Doctor of Philosophy (Ph.D.)
Degree Granting Department
Civil and Environmental Engineering
Xiaopeng Li, Ph.D.
Fred Mannering, Ph.D.
Yu Zhang, Ph.D.
Changhyun Kwon, Ph.D.
Guangqing Chi, Ph.D.
Network Design, Mobility Pattern, Time Geography, Traffic Surveillance, Space-Time Network
Traditional network design problems only consider the long-term stationary travel patterns (e.g., fixed OD demand) and short-term variations of human mobility are ignored. This study aims to integrate human mobility characteristics and travel patterns into network design problems using a space-time network structure. Emerging technologies such as location-based social network platforms provide a unique opportunity for understanding human mobility patterns that can lead to advanced modeling techniques. To reach our goal, at first multimodal network design problems are investigated by considering safety and flow interactions between different modes of transport. We develop a network reconstruction method to expand a single-modal transportation network to a multi-modal network where flow interactions between different modes can be quantified. Then, in our second task, we investigate the trajectory of moving objects to see how they can reveal detailed information about human travel characteristics and presence probability with high-resolution detail. A time geography-based methodology is proposed to not only estimate an individual’s space-time trajectory based on his/her limited space-time sample points but also to quantify the accuracy of this estimation in a robust manner. A series of measures including activity bandwidth and normalized activity bandwidth are proposed to quantify the accuracy of trajectory estimation, and cutoff points are suggested for screening data records for mobility analysis.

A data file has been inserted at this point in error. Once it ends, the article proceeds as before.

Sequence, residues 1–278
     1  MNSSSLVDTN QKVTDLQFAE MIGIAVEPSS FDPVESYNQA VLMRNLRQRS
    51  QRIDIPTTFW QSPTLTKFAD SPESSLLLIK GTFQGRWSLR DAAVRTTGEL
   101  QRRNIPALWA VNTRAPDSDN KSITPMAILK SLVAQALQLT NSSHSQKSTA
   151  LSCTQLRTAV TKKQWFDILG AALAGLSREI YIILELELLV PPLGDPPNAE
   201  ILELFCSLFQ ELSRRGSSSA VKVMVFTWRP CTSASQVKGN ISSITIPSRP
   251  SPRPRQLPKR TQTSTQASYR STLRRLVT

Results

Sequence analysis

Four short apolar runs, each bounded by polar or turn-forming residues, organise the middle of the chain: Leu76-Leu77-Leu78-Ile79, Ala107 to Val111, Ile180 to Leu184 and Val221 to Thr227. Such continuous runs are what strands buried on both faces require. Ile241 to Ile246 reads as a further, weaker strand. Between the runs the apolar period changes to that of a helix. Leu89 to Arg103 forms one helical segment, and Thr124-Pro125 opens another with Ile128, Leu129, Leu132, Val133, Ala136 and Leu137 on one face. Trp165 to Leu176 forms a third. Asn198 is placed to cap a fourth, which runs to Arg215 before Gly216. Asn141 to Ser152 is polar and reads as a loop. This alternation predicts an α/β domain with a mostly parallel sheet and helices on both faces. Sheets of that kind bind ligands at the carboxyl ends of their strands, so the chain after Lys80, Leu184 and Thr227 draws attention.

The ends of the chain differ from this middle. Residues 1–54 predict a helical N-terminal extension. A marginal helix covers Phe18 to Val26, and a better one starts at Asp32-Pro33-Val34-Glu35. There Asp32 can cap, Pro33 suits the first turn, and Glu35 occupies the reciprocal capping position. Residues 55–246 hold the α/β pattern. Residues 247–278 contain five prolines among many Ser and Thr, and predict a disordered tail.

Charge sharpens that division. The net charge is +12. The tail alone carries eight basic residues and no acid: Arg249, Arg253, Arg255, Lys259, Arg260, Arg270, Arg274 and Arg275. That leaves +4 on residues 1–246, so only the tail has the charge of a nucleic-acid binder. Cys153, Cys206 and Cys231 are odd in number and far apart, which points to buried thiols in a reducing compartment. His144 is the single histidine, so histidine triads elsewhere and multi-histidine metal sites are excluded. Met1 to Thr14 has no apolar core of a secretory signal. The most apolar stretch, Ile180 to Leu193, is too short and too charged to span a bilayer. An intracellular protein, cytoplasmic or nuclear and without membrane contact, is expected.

Finally, a space-time network-based modeling framework is proposed to integrate human mobility into network design problems. We construct a probabilistic network structure to quantify human’s presence probability at different locations and time. Then, a Mixed Integer Nonlinear Programming (MINLP) model is proposed to maximize the spatial and temporal coverage of individual targets. To achieve near optimal solutions for large-scale problems, greedy heuristic, Lagrangian relaxation and simulated annealing algorithms are implemented to solve the problem. The proposed algorithms are implemented on hypothetical and real world numerical examples to demonstrate the performance and effectiveness of the methodology on different network sizes and promising results have been obtained.
Scholar Commons Citation
Parsafard, Mohsen, "Space-Time Transportation System Modelling: from Traveler’s Characteristics to the Network Design Problem" (2017). Graduate Theses and Dissertations.